I often think about how children never seem to care about temperatures. They'll swim in ice water without a care. And yet, having grown up in Saudi Arabia, I know I had to have been cold. After all, standing outside all day in Washington on the 20th of January is not exactly balmy. I look at the weather report for tomorrow's events and I think how cold it must be and also that students from my school are probably going to have to endure it. I don't see snow on the ground but do remember a light layer of snow and frost when I was there.

I went to The Madeira School starting in my sophomore year. It was 1980 and Reagan was elected in November. My school is in Virginia and many politician's and dignitaries' daughters went there. Our junior year we were required to work on Capitol Hill, so we had many connections.

We were bussed to the Mall and got relatively close to the Capitol. Close enough to see them as small figures on the stage and within a protected area. I really don't remember much about the swearing in except for having to make the long walk afterward across the Mall to Pennsylvania Ave. to find our bleacher seats for the parade.

We were lucky to have bleacher seats and thus great views of the parade. The one thing I remember the most is Bush's car. We didn't really like Reagan that much and preferred Bush for some reason. So when Bush's car came by we screamed twice as loud as we did for Reagan's. We were so loud that Bush heard us, turned our way and waved in recognition of our support, even jumping up and down a bit to cheer back at us.

I know that there are millions of people who will be tuned in tomorrow. Too bad it's a work day. I'll be watching via the internet. I'm glad I got to go to an inauguration and can understand how much bigger this one is, but I'm happy to watch from afar, not battle the crowds, have a bathroom close by, and be warm!
Enotria Cafe & Wine Bar on Urbanspoon

It's amazing how much Sacramento has changed over the last 20 years. I arrived after college in 1987 to a town that my California collegemates referred to as the armpit of California (along with Stockton and the whole central valley). I fell in love with Sacramento because of its size, location, and weather. During the last two decades I've seen the restaurant scene grow and then explode. Some restaurants have survived through the ups and downs and the competition. We had visited Biba a couple of months ago and now I went to Enotria for another visit.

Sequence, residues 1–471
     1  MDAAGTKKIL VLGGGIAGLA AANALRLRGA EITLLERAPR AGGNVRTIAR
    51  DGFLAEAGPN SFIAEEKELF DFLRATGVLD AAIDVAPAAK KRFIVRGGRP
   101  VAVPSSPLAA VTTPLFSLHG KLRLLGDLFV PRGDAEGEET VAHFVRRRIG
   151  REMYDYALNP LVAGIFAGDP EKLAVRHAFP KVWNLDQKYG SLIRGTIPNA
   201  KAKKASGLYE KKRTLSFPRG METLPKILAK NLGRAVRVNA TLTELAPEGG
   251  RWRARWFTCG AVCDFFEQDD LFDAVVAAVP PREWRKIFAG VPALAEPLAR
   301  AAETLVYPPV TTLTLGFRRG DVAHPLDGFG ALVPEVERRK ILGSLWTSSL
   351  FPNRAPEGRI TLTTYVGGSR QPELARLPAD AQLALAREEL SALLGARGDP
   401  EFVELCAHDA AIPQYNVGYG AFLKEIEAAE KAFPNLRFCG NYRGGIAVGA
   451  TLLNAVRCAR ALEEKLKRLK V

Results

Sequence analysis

Enotria has always been an enigma. A high end restaurant in one of the lesser Sacramento neighborhoods. Del Paso Blvd. has seen its own share of changes and improvements. At least these days you don't feel as uneasy visiting there.

We had actually gone to Enotria last Sunday to find out it was closed. I thought it might be due to the economy. Turns out they are now only open Thursdays thru Saturdays.

As far as I can tell/remember, Enotria has not remodeled at all. It still looks the same. We were seated a small two-top in the middle of the restaurant and looked upon the walls shelved with bottles of wine. The waiter says they have 1000 different wines and they have been noted in national magazines for their selection. Enotria is known for their ten wine flights if you want a little variety in your beverages. You get three small glasses that equal one regularly poured glass. My friend is a newly converted wine drinker and opted for the California Reds flight.

Our waiter has served me a couple of times. He has been working there for the last seven years and is what a good waiter should be - knowledgeable, friendly, attentive, but not overly so. His only misstep was forgetting my lemon wedges for my water. But he cleverly covered by thanking me for my reminder.

We were brought a basket of dark colored bread with what looked like olives in it. I questioned the busser because olives are another item on my 'do not like' list. Turns out it was a cranberry walnut bread. I thought it a nice change to have a sweetbread and did enjoy it. It was a moist, dense bread with a generous amount of plump cranberries. I don't think I agree with having it in my bread basket before dinner, though. I want my sweetness after my meal, not before.